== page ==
Here Comes the Sun

Manufacturing for Solar Energy
Written by Robert Hoshowsky

As the manufacturing of solar technology steadily increases, it’s becoming less expensive and more efficient, benefitting the planet and the economy.

From house rooftops to office buildings, manufacturing facilities, and farmers’ fields, solar photovoltaic (PV) installations are everywhere, for plenty of reasons. No longer the niche of mad scientist-types and people craving off-the-grid energy independence, solar PV has made huge gains in the past two decades.

Transforming free sunlight into clean, non-polluting power, solar energy is not only rivalling electricity from fossil fuels like coal and natural gas but is a leader in states like oil-rich Texas.

In the mid-1950s, scientists at Bell Laboratories created the first working solar cells from silicon. Converting sunlight—namely photons—to electricity (voltage), these cells were initially used to power Vanguard and Sputnik satellites in space before finding applications in smaller devices like calculators and wristwatches. In 1963, Japan installed the world’s then-biggest photovoltaic array on a lighthouse, capable of 242 watts.

Solar on the rise

Described simply, silicon solar cells are assembled to make modules, which are connected to create solar installations or systems, which generate a higher voltage.

Covered with a durable transparent material such as tempered glass and framed with aluminum, these photovoltaic modules are sealed for protection from the weather before being mounted to rooftops and wired to electrical connections.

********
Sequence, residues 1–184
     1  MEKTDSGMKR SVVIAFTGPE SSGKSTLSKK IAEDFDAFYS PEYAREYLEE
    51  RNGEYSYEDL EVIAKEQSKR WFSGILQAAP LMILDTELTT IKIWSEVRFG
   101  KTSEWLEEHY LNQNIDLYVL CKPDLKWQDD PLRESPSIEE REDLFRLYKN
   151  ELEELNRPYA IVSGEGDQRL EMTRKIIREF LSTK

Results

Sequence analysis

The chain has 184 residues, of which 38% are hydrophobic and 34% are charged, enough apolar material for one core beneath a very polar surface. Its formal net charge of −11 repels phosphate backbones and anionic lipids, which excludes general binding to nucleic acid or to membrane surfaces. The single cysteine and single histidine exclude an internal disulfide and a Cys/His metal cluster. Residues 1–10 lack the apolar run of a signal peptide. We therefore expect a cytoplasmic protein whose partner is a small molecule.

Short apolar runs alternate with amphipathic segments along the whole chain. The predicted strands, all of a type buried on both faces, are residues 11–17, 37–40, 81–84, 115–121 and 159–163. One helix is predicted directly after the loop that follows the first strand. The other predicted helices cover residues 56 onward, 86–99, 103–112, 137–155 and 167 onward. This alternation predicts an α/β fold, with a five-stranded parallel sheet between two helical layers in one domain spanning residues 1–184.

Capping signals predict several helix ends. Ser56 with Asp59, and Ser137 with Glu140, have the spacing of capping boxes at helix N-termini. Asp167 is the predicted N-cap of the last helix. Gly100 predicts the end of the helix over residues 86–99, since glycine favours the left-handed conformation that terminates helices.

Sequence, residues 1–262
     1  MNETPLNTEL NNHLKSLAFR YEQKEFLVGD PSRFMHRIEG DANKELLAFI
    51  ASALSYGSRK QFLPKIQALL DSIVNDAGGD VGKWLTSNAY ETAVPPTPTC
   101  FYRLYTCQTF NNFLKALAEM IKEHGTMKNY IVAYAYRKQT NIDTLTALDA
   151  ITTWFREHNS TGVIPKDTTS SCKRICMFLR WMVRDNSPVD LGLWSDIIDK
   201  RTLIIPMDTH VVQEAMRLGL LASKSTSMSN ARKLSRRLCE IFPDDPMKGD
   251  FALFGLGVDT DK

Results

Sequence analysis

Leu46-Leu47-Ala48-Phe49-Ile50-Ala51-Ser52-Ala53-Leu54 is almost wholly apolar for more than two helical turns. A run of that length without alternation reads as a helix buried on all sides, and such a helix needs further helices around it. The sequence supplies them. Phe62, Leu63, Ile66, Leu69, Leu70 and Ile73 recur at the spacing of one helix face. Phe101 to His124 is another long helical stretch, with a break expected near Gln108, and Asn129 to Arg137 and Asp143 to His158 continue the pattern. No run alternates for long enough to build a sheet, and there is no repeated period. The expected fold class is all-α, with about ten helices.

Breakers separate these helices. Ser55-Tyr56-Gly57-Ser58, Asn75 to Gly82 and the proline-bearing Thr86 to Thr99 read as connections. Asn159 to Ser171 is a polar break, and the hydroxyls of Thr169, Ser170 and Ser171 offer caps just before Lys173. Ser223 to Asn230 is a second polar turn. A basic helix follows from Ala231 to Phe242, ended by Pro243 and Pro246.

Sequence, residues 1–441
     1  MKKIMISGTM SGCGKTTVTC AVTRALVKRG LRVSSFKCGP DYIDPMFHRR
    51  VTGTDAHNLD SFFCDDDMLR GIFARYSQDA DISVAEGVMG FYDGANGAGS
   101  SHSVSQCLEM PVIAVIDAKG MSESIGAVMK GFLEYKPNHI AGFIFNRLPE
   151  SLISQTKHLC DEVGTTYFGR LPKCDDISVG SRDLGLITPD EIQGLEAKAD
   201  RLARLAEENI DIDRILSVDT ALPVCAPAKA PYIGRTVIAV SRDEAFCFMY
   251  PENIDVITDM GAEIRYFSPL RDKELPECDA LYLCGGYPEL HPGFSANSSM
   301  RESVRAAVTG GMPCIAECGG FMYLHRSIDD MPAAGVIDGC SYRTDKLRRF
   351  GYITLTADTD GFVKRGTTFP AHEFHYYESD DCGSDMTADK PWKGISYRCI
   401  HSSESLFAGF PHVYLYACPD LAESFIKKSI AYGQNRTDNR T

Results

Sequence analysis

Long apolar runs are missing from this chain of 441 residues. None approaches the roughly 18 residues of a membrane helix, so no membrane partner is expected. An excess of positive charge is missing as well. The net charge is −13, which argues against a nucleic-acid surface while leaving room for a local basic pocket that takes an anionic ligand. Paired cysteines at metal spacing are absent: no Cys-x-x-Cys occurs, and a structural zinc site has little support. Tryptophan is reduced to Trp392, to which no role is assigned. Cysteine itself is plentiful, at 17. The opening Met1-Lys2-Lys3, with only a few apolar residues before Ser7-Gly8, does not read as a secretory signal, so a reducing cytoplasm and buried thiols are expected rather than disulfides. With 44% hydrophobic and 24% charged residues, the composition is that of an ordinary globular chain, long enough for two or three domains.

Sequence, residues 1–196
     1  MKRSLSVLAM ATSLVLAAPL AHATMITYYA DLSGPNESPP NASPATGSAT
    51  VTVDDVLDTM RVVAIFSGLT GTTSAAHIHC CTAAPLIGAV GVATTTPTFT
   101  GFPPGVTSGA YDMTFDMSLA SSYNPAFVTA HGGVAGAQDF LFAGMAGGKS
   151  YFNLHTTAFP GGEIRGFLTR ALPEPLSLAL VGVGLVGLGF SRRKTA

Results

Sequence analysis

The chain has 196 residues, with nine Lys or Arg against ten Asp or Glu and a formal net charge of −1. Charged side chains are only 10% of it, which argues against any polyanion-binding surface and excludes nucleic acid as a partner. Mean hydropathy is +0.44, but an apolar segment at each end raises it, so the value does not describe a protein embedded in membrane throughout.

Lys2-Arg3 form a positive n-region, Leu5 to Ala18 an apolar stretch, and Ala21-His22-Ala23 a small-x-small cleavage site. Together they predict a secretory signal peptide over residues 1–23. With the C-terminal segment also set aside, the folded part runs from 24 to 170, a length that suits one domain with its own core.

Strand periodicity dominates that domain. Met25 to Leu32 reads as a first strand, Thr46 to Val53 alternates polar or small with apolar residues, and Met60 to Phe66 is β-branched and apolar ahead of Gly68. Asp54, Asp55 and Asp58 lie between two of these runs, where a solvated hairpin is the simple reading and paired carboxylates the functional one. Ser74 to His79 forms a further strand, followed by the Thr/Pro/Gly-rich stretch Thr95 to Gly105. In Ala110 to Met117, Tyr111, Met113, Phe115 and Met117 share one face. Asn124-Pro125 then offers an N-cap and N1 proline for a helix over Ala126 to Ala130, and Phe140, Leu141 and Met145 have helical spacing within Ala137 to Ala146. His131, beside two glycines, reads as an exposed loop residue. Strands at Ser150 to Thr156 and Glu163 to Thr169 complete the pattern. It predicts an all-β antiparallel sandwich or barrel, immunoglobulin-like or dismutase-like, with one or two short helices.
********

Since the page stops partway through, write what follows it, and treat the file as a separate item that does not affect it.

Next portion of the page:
Like most new technologies, solar PVs have had their growing pains, becoming more efficient and compact today than in past versions. Early PV projects, such as the installation at Southern Arizona’s Papago Indian Reservation in 1978 by NASA, were 3.5 kilowatt systems providing residential electricity for 15 homes and pumping community well water.

In the following years, PV cells grew thinner by using materials like gallium arsenide and cadmium telluride with their greater conversion efficiency.

Although rooftop panels tend to be the first thing that comes to mind when we think of solar, there is much more to this renewable technology, including components and subcomponents like mounting hardware, wiring, inverters, controllers, chargers, and batteries needed to store electricity for later use, such as at night.

Benefits that matter

To meet the growing demand for solar panels, more manufacturers are needed to supply the product. This growth in the solar sector is not only benefitting the planet with renewable energy but creating economic benefits through job creation.

According to a report late last year from SEIA, the Solar Energy Industries Association, America’s solar sector is poised for massive growth as part of the White House’s Build Back Better (BBB) Plan. With the aim of meeting America’s climate goals and supporting millions of jobs, clean energy technology—including solar panels, wind turbine blades, and electric vehicles—will be implemented in the United States with American-sourced steel and other materials.

“The Build Back Better legislation will target incentives to grow domestic supply chains in solar, wind, and other critical industries in communities on the frontlines of the energy transition,” says the White House.

While President Joe Biden’s initial USD 3.5 trillion Build Back Better plan was scaled back to $1.7 trillion and morphed into the multi-billion Inflation Reduction Act (IRA), addressing climate change is still high on the list.

Could this be the most important climate legislation in American history? Investing in clean energy including solar could slash U.S. greenhouse gas (GHG) emissions up to 43 percent below 2005 levels by 2030. Lower-cost renewable energy, combined with clean energy tax credits, will see prices for solar and other green technologies maintain their decline.

Plenty new under the sun